The millennial generation will soon pass the baby boomers as the largest representative age group in America. This means that they are also one of the most studied demographics, and are increasingly attracting the attention of customer experience marketers everywhere. Brands across virtually every industry are wondering how to best capture and retain the customer loyalty of this highly coveted segment.
Recently, CrowdTwist, a multichannel customer loyalty and engagement solutions provider, set out to answer this question and discovered some very interesting findings in the process.
The 2015 CrowdTwist Loyalty Program Report: Demystifying Loyalty Among Millennials, is the first in a three-part series. The research was conducted to gauge how millennials feel toward loyalty programs and to explore what customer engagement initiatives best influence their behavior. Defined as anyone born between 1981 and 1997, this initial study solicited the thoughts, opinions, values, and attitudes of 402 millennials.
The overall takeaway was that there is a profound generational difference between the way millennials and baby boomers both perceive and engage with loyalty programs. Most notably, millennials not only expect to be rewarded for their participation with a brand, they also expect these brands to reward them with incentives that are relevant, meaningful, and compelling.
They certainly still appreciate traditional discounts and offers, just like baby boomers, but that alone is not enough to drive engagement and win loyalty.
“Millennials appreciate offers and bonuses, but they don’t want to be pandered to,” Geoff Smith, CrowdTwist SVP of Marketing, told Loyalty360. “They want to be respected. So it is more important for brands to get more personal, and develop one-to-one relationships with this age group.”
CrowdTwist cites the rise of social media and the ubiquity of continuous online interaction as one of the main reasons for this shift. In this new age of the consumer, millennials are one of the most socially and technologically enabled groups in history, and, as a result, their perspectives and relationships with brands have changed dramatically.
Even beyond demanding more personalized and one-to-one interactions, millennials also expect to be actively and continuously engaged across multiple channels and touchpoints.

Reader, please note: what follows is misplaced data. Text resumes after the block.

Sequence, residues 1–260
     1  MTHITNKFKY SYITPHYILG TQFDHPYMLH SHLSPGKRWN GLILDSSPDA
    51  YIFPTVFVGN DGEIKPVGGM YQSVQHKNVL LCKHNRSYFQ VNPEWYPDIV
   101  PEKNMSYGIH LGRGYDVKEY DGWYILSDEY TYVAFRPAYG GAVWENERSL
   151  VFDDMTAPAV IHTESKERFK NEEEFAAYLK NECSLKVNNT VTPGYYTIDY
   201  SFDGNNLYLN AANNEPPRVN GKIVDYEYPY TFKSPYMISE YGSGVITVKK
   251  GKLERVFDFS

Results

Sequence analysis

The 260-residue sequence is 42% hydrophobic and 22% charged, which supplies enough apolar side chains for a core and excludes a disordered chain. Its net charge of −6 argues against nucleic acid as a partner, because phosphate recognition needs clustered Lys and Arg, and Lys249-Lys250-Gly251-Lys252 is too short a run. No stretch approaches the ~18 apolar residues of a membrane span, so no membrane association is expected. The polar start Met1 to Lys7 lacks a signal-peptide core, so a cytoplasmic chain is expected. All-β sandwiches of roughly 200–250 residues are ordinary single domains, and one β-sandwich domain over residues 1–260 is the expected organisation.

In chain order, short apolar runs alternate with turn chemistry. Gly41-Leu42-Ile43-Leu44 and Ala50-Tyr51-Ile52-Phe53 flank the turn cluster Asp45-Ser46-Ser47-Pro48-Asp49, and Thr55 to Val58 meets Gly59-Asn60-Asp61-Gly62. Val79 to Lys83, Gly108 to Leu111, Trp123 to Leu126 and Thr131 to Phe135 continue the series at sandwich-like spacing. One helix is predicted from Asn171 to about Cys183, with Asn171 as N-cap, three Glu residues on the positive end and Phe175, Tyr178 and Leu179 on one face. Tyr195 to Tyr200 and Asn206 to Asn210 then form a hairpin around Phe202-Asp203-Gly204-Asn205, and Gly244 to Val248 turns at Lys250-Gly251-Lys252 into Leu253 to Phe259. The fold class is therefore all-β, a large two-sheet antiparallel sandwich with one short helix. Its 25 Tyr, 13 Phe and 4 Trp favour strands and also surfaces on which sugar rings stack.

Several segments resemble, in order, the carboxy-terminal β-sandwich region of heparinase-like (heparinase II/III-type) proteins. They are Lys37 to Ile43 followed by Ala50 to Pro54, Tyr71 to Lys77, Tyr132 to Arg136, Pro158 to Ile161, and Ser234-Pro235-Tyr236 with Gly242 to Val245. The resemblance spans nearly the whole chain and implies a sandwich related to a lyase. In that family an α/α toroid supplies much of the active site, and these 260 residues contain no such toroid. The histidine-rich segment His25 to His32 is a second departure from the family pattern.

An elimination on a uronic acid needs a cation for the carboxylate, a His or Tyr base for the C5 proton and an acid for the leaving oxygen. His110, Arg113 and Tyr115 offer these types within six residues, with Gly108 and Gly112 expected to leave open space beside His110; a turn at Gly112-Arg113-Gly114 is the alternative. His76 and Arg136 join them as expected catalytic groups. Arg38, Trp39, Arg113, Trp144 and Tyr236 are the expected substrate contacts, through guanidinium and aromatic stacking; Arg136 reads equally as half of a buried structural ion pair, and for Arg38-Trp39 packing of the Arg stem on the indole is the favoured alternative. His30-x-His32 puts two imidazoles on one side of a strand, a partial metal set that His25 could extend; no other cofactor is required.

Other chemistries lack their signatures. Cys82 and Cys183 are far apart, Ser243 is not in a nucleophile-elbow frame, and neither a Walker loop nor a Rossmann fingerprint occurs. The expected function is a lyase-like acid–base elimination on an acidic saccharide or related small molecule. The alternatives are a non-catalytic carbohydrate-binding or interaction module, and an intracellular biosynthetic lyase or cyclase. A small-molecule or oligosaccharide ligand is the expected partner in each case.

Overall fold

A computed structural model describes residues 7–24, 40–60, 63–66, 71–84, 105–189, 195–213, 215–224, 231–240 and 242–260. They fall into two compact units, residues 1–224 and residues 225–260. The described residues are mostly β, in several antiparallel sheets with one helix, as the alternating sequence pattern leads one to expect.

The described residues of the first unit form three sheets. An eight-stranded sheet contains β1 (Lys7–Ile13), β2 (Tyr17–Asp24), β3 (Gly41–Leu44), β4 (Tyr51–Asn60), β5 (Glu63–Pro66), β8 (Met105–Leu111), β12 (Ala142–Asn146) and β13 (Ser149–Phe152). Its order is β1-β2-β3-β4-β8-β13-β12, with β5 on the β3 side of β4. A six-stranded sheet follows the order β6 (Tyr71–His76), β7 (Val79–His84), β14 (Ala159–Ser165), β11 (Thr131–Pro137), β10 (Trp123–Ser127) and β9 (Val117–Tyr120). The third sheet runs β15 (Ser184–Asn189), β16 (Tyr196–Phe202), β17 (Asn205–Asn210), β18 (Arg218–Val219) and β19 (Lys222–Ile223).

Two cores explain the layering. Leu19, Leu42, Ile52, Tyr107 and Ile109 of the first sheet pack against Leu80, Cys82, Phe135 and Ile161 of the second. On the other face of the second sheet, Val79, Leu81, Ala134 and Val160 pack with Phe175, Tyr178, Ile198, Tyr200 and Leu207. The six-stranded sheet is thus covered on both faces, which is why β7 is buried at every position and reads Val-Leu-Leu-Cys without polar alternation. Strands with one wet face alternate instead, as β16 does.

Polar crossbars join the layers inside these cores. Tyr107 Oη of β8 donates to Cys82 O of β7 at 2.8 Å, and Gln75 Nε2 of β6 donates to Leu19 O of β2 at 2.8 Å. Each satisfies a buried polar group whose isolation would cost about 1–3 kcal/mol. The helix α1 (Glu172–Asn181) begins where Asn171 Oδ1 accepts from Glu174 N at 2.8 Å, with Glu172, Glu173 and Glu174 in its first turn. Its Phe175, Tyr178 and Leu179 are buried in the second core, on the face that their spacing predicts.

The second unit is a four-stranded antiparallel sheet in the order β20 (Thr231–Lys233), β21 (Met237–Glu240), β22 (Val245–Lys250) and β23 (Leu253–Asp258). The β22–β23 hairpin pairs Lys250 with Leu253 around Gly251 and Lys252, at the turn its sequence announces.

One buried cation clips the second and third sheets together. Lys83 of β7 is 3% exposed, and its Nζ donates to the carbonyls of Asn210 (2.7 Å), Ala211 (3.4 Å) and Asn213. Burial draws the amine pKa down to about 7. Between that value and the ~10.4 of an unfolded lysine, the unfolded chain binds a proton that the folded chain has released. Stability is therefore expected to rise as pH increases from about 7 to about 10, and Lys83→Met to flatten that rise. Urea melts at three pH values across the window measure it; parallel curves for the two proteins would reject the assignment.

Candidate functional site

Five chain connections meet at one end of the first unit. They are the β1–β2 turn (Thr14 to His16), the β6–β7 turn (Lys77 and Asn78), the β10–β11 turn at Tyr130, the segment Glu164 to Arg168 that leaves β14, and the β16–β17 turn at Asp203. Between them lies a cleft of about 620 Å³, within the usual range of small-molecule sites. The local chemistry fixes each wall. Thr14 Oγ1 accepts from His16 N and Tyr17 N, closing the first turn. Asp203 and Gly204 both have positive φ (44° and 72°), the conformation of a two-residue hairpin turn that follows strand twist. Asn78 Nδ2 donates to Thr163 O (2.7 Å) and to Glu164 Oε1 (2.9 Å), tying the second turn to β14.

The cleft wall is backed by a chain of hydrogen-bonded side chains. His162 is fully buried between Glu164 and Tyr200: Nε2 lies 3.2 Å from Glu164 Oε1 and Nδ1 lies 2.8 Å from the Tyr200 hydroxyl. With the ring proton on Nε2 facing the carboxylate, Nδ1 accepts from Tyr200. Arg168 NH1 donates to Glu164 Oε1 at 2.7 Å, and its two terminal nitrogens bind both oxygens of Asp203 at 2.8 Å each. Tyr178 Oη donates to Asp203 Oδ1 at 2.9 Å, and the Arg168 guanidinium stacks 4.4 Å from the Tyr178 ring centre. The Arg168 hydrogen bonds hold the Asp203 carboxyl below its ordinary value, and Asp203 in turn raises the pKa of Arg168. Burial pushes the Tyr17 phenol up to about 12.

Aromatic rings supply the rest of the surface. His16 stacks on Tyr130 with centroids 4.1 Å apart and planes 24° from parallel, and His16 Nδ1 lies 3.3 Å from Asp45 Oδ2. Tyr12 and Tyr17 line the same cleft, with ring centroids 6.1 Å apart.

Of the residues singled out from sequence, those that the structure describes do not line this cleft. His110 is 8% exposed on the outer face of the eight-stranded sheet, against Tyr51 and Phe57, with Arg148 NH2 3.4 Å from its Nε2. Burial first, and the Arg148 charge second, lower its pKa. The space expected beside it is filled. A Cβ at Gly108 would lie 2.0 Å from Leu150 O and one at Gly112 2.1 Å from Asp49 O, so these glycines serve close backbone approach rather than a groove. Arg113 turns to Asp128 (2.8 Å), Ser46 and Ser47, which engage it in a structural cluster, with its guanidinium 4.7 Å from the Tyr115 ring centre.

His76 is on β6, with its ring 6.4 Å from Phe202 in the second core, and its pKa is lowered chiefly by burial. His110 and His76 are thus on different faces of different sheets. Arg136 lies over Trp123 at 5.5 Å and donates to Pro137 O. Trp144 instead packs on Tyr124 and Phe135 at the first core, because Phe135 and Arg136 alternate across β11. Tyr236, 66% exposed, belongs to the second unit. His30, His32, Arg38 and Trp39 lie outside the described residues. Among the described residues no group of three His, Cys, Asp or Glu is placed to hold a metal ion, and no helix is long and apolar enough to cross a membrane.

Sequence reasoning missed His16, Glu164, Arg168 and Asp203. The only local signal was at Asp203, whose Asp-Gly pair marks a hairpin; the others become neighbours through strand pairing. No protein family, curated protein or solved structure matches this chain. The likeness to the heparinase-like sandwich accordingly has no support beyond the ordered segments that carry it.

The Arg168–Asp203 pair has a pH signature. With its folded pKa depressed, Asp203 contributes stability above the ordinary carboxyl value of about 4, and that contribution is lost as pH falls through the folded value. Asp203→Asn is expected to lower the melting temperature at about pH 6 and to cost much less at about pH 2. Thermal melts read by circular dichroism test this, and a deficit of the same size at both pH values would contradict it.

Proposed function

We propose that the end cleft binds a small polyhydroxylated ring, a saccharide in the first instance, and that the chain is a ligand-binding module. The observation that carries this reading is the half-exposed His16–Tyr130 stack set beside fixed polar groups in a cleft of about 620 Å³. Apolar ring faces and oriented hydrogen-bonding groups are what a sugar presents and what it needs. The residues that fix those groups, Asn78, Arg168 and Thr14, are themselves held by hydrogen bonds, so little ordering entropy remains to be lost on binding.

“It is important, particularly with respect to loyalty, to integrate all of the other social and digital channels on top of just the spend or purchase channel into a loyalty program,” Smith continued. “Because millennials are very active in all these channels, brands looking to become more consistent and personalized in their messaging need to be involved as well. If their traditional loyalty program only engages that consumer in that purchase cycle, they are missing an opportunity.”
The study revealed that the vast majority (67.9%) of millennials say that they do not currently earn points or rewards for engaging with a brand through their preferred digital or social channels. And most (60%) said they would like to earn rewards for these activities.
This would suggest a huge opportunity for brands to engage this group by rewarding them for doing things that they already do. That is, heavily engaging in online behaviors.
“We really see loyalty differently,” Smith said. “Loyalty can extend the relationship across all channels a consumer has with the brand. So we can recognize and incentivize and reward people for tweeting, for watching an online video, posting on Facebook, loading an image on Instagram, writing a review, opening an email, and all sorts of behaviors that are above and beyond just the purchase.”
Not enough brands appear to be doing enough to engage millennials on this new digital front. And it certainly does seem to be in their best interests to do so. Not only does it present a tremendous opportunity to win customer loyalty, neglecting that opportunity might actually prove to be even more detrimental.
The CrowdTwist study also found that 65% of millennials reported being “quite loyal” or “extremely loyal” to their favorite brands. However, even this high level of loyalty might not be enough to keep these customers around forever because 36.6% said they would be willing to forsake their favorite brand.
What was one of the main reasons given for this potential abandonment? It was, of course, that loyalty program rewards are not compelling, relevant, or meaningful enough.